Political parties and elections party origins lie in

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Political Parties and Elections Party origins lie in the seating arrangements in the French parliament after the Revolution of 1789. On the left end is the Communist parties that were formed in the aftermath of the Russian Revolution of 1917. Next are the social democratic parties. They traditionally supported the nationalization of industry, extensive social welfare programs, and greater equality. Socialists rejected revolution and were harsh critics of the Soviet Union. In the center are parties known as either liberals or radicals. They appeal primarily to the wealthy and have no significant impact on who governs. Christian Democratic parties appealed primarily to Catholic voters. Secular conservatives dominate the right side. They are not too different from Christian Democrats except that they do not have a religious inspiration.
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Catch-All Parties During the 1950s, the public opinions shifted towards the center. A combination of sustained economic growth, the expansion of the welfare state, and the escalation of the Cold War undermined support for radical politics. This led to the rise of catch-all parties. They appeal to all voters. New Divisions The most visible division is the growing differences between men and women. This led to the “gender gap”. The unprecedented economic growth of the past half-century has produced a new type of middle-class, postmaterialist voters. Raised in affluent families, they call for “higher order” values, such as job and personal satisfaction, according to Inglehart. Another divided party is the Greens. Greens are best known for their strong stands against nuclear weapons and power and for their support of environmental causes. Realignment? Ever since the 1960s, there has been realignment of public and the political parties have been responding. First, dealignment always precedes realignment. Voters have to break away from emotional ties before switching parties. Recently, party identification has plummeted which suggests that more voters are skeptical about what parties and politicians can or will deliver their opinions. Second, the right has gone a long way toward redefining itself. Led by the likes of Thatcher and Reagan, it staked out new positions on the economy, racial diversity, and national security.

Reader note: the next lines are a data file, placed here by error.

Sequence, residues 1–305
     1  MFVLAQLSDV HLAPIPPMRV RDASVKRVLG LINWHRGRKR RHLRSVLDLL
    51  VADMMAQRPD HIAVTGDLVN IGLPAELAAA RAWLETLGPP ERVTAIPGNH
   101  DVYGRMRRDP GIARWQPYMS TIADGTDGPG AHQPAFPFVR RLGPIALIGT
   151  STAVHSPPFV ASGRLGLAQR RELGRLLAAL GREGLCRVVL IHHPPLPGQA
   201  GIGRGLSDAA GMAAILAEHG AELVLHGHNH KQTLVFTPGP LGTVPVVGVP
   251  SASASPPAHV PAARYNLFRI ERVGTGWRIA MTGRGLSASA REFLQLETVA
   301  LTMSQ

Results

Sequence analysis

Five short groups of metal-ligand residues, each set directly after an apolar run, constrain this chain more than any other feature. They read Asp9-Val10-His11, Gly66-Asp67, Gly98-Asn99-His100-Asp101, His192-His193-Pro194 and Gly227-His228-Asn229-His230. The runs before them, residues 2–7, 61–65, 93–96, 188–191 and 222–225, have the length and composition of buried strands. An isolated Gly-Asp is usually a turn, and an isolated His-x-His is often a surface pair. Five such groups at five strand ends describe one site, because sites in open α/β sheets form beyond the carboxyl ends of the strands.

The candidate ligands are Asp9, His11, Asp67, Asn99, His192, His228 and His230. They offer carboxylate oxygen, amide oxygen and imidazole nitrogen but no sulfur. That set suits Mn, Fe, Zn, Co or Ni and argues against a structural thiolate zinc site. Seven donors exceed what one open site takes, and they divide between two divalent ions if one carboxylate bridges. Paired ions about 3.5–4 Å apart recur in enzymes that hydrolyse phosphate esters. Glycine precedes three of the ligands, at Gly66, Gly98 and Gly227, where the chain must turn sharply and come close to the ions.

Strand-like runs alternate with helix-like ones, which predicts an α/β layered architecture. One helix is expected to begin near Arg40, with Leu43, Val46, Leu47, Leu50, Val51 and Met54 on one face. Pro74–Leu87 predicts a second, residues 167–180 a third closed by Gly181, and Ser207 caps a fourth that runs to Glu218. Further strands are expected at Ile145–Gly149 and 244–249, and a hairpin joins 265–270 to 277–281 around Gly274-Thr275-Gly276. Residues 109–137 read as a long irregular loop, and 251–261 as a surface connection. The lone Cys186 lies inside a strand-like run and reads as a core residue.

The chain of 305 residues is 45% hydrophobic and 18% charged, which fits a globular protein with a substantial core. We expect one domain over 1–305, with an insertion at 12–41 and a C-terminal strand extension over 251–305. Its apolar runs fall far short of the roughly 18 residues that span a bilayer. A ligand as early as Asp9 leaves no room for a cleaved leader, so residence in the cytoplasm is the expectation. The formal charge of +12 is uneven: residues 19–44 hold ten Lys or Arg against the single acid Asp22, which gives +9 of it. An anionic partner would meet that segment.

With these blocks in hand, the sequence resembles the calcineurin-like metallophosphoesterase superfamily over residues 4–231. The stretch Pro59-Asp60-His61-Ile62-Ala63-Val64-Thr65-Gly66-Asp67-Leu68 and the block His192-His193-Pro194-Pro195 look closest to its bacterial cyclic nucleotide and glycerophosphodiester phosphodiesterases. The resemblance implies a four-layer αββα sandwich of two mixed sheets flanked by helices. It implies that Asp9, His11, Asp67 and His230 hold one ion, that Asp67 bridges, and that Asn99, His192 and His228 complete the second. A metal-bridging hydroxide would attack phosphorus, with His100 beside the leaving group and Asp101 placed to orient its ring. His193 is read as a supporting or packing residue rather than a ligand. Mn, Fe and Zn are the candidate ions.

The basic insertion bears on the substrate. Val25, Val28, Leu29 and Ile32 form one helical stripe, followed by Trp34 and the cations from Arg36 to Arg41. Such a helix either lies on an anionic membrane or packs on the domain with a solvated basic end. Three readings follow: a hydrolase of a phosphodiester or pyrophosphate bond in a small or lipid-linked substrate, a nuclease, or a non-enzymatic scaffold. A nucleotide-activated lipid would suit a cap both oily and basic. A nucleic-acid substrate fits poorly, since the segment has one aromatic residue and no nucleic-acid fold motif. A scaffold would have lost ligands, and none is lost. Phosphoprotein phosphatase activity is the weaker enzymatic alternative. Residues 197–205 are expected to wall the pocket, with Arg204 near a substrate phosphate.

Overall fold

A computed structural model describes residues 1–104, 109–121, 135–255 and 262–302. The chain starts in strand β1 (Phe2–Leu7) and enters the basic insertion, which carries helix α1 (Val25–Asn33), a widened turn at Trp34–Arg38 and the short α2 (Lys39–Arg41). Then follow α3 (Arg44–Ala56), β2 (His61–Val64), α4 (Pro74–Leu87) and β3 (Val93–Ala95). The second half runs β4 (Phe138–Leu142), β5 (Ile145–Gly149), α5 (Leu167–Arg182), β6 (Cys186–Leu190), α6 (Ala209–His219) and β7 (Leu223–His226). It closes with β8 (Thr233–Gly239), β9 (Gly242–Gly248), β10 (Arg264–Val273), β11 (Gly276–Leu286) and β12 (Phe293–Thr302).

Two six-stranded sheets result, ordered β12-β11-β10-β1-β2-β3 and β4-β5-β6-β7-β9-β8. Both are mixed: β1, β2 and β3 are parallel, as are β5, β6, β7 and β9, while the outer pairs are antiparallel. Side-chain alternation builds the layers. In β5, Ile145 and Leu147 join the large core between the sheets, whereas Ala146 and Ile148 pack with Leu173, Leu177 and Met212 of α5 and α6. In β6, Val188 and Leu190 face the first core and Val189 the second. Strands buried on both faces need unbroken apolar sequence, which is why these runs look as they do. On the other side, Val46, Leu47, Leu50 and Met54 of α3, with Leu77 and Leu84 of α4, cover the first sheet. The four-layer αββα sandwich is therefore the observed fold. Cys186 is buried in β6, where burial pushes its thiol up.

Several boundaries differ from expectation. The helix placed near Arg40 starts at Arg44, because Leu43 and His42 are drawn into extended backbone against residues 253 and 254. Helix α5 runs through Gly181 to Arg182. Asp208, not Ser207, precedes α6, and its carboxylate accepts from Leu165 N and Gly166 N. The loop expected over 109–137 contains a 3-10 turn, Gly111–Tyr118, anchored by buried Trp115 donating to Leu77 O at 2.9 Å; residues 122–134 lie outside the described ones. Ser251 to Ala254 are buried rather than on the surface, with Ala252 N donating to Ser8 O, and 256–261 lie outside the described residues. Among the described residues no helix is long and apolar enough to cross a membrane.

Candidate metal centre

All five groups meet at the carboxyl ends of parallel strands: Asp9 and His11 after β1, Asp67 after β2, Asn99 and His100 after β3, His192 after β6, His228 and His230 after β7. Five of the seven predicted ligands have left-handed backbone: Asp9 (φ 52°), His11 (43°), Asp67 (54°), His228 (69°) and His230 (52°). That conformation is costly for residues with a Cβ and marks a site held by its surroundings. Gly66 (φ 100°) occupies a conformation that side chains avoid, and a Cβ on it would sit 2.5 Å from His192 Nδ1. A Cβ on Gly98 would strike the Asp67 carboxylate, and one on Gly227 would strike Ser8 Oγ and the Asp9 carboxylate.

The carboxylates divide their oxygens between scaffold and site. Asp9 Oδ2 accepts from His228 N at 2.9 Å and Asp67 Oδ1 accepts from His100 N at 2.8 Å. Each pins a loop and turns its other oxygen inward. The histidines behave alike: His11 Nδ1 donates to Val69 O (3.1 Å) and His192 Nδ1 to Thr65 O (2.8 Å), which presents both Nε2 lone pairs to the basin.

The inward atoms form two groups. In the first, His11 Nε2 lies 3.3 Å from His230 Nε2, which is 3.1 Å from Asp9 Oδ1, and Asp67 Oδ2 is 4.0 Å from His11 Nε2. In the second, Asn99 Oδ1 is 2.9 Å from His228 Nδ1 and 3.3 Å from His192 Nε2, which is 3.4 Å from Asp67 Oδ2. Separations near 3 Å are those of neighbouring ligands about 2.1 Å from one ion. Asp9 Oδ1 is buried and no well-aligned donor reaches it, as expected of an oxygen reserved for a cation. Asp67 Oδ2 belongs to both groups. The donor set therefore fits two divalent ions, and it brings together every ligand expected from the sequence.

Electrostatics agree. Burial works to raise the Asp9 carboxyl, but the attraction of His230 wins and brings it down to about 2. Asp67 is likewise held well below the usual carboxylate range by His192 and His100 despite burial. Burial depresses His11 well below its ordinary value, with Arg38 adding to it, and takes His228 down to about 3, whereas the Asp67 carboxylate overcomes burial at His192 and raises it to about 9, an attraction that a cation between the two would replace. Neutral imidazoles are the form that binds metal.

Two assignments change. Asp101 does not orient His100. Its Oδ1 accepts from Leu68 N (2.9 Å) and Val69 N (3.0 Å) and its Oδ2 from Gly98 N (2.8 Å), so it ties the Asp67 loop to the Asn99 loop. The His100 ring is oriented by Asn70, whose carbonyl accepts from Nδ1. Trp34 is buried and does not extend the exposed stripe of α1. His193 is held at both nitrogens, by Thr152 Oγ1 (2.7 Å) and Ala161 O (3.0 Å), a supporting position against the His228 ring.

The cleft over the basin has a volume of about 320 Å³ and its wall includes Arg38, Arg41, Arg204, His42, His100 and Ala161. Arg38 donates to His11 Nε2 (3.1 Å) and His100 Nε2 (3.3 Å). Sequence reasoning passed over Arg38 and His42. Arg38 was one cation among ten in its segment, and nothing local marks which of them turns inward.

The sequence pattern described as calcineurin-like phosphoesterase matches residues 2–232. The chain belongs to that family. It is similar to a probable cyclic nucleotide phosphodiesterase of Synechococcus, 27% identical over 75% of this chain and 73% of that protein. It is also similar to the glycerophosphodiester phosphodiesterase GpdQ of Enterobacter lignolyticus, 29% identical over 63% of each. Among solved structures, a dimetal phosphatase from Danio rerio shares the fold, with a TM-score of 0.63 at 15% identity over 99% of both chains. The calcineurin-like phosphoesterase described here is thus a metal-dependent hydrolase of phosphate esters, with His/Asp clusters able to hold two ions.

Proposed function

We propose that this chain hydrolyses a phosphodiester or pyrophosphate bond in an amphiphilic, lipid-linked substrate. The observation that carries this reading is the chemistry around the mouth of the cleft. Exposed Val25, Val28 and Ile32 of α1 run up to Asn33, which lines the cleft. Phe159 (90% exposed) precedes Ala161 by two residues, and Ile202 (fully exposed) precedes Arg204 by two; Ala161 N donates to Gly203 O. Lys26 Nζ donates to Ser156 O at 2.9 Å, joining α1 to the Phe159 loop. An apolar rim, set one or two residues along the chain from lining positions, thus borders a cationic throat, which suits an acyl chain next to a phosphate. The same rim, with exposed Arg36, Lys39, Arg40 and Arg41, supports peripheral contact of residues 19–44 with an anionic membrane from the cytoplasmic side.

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Christopher Reinemann
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